I originally wrote this in 2009. Dusted it off for those who missed it then – which was probably the whole with the exception of six people. Even though the two key witnesses in this article are both deceased, the article is just as relevant today as then.

I just listened to the rendition of the song God Gave Rock and Roll to You by KISS. Ironic that they sang about God since the letters KISS supposedly represent Knights in Service to Satan. The term god is very generic. To a Satan worshiper, Satan is god. It is better we use the name Yahweh or Elohim or something. Anyway – that’s a discussion for another day. This is about music.

Chuck Colson wrote a column about the use of music in the church and the worship wars taking place. Chuck is much more eloquent than I on the subject, however, eloquence can’t be equated with truth. You can read his words at http://www.breakpoint.org/commentaries/12125-worship-wars

In searching for the Colson article I ran across this one also by Colson dealing with music.

http://www.christianitytoday.com/ct/2006/april/15.116.html

and one from Get Religion

http://www.getreligion.org/getreligion/2004/05/the-plugged-in-revolution?rq=music

David Wilkerson recently preached that music is taking over the church. His concern is that we are focusing on the music and not the creator. This is a form of worshiping creation instead of the creator, something done by pagans. That is cause for concern.

I know that some people choose their churches based on the music that is used in the services. Some churches offer multiple services, one with traditional music and one with contemporary music, so they can make both crowds happy. My church had a Saturday night service which featured loud and cool music. Does God care which songs we use to worship Him? Are hymns more pleasing to the Father than a chorus?

Do some risk the practice of the Pharisees who resisted any change in tradition if we choose to hang on to the hymns? There is a danger of that. Are drums and guitars evil whereas a piano is holy? I don’t think so. You can choose to disagree, but that doesn’t mean you are right. In the end, as with all such questions, what really matters is what God thinks and not what you and I think.

Perhaps we are entering a phase of the universe in which the final battle cry is about to be sounded. Is it possible that the focus is on battle music to help the army of God to gather together and brace itself for the fight ahead?  Drums have always been used in battle.Food for thought.

If the lyrics of the song promote worship of God and love of our fellow man, can they be wrong? The title of my piece concerns rock and roll. This is an area of more concern to me. I see Christian rock and alternative forms of music taking center stage – not much in church but outside of it. The topic of the evil of rock music has been debated since the Beatles. I grew up along with rock music, but I always found there was a darker side to the world of rock that repulsed me. You might say I liked the soft rock, which perhaps wasn’t even considered rock by the bad boys. They used the term bubble gum music.

I think that the world has much to learn about the impact of music on the human soul and spirit. Scientists have discovered that DNA is actually arranged in an order which would play classical music if the notes were produced audibly. The heavenly bodies have been discovered to all give off their own unique song.  Some music has been shown to impact plants and even non living things. Music is an integral part of God’s creation.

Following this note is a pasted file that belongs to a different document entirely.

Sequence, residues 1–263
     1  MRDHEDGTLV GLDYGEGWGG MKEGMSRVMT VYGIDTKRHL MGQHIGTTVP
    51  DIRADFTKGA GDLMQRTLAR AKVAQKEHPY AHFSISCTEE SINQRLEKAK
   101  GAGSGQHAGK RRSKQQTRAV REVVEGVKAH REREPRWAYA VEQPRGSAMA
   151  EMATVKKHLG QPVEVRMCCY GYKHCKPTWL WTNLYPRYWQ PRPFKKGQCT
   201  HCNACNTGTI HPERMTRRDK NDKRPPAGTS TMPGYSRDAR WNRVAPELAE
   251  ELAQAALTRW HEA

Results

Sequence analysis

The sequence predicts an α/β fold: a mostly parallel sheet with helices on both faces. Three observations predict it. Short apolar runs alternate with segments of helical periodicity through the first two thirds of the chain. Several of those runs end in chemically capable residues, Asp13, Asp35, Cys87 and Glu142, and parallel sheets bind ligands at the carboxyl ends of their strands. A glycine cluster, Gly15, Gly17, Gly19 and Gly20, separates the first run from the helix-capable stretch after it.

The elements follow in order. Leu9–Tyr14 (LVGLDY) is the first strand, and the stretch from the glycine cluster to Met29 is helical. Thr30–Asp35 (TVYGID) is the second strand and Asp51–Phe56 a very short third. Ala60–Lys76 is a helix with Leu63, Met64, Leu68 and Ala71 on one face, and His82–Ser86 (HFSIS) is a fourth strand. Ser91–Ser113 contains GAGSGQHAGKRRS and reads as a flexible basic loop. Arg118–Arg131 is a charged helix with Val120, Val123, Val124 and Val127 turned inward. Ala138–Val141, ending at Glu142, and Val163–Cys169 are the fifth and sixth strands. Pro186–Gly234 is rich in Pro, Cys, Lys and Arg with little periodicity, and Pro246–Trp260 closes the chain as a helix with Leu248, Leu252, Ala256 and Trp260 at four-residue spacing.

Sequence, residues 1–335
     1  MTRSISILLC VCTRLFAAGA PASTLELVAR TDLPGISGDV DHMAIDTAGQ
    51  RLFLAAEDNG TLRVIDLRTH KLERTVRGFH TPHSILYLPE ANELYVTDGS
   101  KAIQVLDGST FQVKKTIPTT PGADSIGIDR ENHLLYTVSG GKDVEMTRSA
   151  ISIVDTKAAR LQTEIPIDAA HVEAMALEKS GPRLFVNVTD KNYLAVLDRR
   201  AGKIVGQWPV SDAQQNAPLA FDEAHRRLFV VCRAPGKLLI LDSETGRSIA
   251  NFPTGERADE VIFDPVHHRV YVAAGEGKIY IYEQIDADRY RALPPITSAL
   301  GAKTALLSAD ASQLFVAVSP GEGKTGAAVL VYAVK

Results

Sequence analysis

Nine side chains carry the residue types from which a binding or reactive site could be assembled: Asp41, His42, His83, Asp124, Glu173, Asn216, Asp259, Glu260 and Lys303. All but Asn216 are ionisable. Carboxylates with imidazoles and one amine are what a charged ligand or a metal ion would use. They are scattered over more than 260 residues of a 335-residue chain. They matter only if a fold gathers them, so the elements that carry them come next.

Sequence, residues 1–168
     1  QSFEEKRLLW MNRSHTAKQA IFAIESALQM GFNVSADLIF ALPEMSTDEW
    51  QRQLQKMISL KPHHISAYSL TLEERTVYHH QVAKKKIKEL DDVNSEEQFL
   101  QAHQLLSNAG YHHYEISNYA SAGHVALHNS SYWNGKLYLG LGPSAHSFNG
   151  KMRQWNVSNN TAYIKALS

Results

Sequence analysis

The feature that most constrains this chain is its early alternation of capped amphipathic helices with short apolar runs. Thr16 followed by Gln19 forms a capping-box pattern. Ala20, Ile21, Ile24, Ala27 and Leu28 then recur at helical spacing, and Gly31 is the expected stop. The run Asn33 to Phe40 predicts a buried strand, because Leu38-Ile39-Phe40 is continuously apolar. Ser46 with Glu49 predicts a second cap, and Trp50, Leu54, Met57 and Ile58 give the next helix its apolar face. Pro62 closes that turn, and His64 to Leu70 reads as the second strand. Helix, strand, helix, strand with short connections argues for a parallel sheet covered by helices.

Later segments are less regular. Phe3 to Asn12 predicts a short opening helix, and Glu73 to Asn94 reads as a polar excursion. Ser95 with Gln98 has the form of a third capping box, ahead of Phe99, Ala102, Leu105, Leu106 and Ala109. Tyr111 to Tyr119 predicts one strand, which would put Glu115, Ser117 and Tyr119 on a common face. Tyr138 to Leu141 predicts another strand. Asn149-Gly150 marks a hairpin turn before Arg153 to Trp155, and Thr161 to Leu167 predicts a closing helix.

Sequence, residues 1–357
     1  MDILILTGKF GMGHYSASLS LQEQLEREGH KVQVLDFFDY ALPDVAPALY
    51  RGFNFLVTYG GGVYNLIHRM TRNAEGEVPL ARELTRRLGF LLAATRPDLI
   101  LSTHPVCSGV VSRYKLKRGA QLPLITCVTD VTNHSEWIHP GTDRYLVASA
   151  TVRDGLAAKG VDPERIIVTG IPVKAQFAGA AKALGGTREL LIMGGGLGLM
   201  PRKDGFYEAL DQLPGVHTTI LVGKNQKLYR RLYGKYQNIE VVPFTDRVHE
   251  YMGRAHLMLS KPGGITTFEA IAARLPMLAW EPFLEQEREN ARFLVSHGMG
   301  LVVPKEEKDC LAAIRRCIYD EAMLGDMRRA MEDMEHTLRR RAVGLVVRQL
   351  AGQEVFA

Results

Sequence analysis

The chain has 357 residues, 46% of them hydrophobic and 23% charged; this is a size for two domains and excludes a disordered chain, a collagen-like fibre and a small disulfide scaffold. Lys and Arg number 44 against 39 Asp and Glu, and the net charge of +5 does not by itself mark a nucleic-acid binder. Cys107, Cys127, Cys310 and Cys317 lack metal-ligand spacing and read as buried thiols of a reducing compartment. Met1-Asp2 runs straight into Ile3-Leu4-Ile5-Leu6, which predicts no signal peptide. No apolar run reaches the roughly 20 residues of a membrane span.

Experiments with plants have shown that hard rock music with emphasis on loudness, bass and strident sounds, and a lack of harmony and eloquence has a negative impact on growth and health. Rock music seems to lead to a frenzy of emotions and perverse behavior. So why did Christian musicians venture into this area? I actually like a group called Petra which have produced some very rocky tunes, but also have put out some beautiful songs. The rock songs are appropriate for battle but not for seeking that small still voice of the Lord. God said “be still and know that I am God.” That is not possible when your soul is agitated by sounds that make the listener hyper.

Now how do we determine if Amazing Grace or Shout to the Lord is healthier for our spirit? Perhaps it depends on the role that you play in the body of Christ. Not all body parts need and use the same thing. It might be possible that Hillsong is exactly what part of the body needs and the old hymns are exactly what another part of the body requires.

In the song God Gave Rock and Roll to You, one of the lyrics is that you have to have faith in a loud guitar.  Rest assured that there is no holiness in volume, and God is not into cool. No doubt he hates that word with a passion. I embrace the theory that each believer needs to examine himself to determine if anything is taking him closer or further away from God. It’s not about feeling good and being entertained. The purpose of the music is to put you in contact harmoniously with your heavenly Father.

I have discovered that when I listen to music, one or more of the songs stay with me for several hours or even into the next day. I might wake up with a song in my head. The tune and the message keeps playing over and over in my consciousness and unconsciousness. If the message of that song is good, I should reap the benefits of its influence. If the message is one of worldliness or even of evil, then the influence of those elements may impact my behavior and attitude negatively. I have arrived at the conclusion that music is like food. We can choose healthy food, junk food, or toxic food. Junk food is better for us than toxic, but God wants us to choose the best for our lives. You are what you eat, what you read, what you watch (movies, TV), and what you listen to. Make wise choices in each area if you want to be close to God.